(For what it's worth, I've been a paypal/ebayer for more than ten years under a username that's basically my name, have had disputes and fees over that time, and have never had anything affect my "real money". I personally think you are going too far in the paranoid direction which will overcomplicate things for you, especially as based on your last question this seems likely to be a one-off type of thing and not a long term side hustle. I did do this as a long term side hustle and I didn't bother with any of this except for the tax advice recommendation.)
posted by peanut_mcgillicuty at 5:45 PM on June 2, 2016


I've sold for years on Amazon and eBay and pursued your exact strategy - separate bank accounts and PayPal IDs, no merchant account tied to a personal account and so forth. I also properly pursued state licenses in WA and Federal tax IDs and only ever visualized these merchant accounts as actual real-life businesses, which is why I segregated them financially. It made keeping track of taxes and business expenses much more accurate and less ambiguous. Renewing the licensing and keeping track of various state and federal reporting deadlines was a hassle, though, no doubt.
posted by mwhybark at 11:52 PM on June 2, 2016


If you haven't already, research whether Paypal and your online bank play well together. My main (local) bank started charging ridiculous new fees recently, so I started using my well-established Capital One 360 checking account as my main account instead. Then I tried to link that account to my well-established Paypal. After a lot of strange errors (and Paypal temporarily locking down my account without explanation, ughhh), I googled the issue and found out Paypal doesn't like Capital One 360 and a lot of other online banks. It's really weird because Paypal even offers Capital One 360 as an option when you go to link a new account.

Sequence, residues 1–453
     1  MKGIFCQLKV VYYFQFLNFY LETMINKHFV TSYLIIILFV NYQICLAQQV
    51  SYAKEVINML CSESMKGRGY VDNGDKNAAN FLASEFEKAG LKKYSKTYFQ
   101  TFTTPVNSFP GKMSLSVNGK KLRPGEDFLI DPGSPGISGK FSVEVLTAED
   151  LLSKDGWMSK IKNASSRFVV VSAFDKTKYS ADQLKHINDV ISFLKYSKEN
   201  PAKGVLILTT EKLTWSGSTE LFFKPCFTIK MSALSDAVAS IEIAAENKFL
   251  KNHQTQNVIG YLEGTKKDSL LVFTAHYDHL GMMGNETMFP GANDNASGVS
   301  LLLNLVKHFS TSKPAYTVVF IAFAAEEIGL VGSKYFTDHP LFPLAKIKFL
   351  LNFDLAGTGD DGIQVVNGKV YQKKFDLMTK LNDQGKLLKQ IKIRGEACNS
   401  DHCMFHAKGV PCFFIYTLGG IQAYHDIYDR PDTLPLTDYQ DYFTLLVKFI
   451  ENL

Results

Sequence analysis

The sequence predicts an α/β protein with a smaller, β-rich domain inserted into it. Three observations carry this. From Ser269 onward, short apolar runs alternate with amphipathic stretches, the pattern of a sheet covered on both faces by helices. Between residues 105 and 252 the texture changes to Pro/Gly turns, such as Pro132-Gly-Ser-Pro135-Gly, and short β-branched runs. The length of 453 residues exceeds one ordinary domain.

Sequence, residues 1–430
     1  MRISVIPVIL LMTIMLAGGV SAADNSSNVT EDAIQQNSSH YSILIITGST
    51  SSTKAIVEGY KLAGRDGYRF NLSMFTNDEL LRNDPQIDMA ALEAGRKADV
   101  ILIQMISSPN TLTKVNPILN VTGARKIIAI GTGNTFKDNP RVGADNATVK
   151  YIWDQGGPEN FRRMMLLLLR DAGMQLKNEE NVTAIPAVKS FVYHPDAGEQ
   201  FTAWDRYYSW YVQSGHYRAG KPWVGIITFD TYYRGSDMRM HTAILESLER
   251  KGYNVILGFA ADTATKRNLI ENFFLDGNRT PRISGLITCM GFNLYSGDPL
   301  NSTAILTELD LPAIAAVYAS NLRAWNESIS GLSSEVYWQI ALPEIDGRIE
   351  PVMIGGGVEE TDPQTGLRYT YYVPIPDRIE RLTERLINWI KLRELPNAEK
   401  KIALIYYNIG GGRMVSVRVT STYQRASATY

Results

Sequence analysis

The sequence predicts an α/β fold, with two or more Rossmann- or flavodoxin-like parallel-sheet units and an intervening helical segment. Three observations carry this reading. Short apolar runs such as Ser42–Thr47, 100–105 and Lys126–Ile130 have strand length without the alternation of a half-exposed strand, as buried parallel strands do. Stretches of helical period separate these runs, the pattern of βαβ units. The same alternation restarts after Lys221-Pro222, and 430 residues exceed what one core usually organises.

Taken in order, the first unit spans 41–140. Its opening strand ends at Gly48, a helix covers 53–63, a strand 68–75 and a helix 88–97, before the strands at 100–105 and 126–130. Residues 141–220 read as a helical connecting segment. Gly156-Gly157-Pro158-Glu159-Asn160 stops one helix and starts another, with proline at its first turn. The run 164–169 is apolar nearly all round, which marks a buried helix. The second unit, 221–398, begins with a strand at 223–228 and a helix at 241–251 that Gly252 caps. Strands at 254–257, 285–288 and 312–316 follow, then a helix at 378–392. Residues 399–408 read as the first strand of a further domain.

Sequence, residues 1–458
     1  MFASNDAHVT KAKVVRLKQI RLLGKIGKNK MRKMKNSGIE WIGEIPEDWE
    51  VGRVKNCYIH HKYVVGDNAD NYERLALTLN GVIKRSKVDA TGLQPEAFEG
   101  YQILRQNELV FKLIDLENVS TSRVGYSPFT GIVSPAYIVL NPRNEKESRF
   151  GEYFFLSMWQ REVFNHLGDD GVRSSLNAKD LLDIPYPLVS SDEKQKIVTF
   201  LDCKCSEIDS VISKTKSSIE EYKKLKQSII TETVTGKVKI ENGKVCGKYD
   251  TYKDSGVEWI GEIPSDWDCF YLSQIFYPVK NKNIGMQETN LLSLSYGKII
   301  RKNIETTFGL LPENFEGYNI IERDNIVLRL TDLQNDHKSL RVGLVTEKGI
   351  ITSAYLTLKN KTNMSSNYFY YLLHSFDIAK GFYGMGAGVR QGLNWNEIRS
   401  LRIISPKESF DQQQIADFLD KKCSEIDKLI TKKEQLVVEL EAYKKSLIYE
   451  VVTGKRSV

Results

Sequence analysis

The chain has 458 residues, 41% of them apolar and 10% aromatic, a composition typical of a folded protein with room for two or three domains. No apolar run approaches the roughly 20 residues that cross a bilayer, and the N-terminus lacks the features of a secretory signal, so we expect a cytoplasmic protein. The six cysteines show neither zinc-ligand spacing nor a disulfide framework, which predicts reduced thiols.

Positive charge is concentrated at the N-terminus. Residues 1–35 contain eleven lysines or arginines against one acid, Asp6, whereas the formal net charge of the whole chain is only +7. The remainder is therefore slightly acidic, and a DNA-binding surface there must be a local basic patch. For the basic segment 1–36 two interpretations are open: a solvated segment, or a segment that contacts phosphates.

Some users have been able to link the two after calling Paypal and jumping through additional verification hoops, but from what I read, it's an arbitrary process that mostly depends on which customer service rep you talk to. I ended up having to open a new local account with a different bank. It was all very idiotic and frustrating, and I would have gone about the whole thing differently if I'd known the online checking account would be an issue. Paypal might like BankMobile just fine, I don't know, but it's worth a quick google.
posted by QuickedWeen at 8:56 AM on June 3, 2016


new paypal

You can have one Consumer account and one Business account.

Unless you register this as a business, PayPal is not going to happily go along with your plans here. They do not allow individuals to have multiple consumer/individual accounts.

I have registered a business name in the state of California. It involved paying a few dollars and filing paperwork at the county level. That allowed me to open a business account at a bank.

But, if you are just trying to offload some stuff for a few bucks, I doubt it makes sense to jump through the hoops of setting up a business.
posted by Michele in California at 9:48 AM on June 3, 2016


So, I took a quick peek at your previous ask and one way around this might be having your dad set up a PayPal account in his name with a new bank account, etc, assuming he doesn't already have an account. But that brings up other potential issues because his legal name will be on the PayPal account.

There will be no logistical problem with him giving you the password and letting you access the PayPal account, but if you set up a Ebay account under your name using a PayPal account under his name or if you set up everything under his legal name but, in fact, he never logs into it and you do everything, that might run into some problems. You might want to google up info specifically on such scenarios before moving forward.
posted by Michele in California at 12:31 PM on June 3, 2016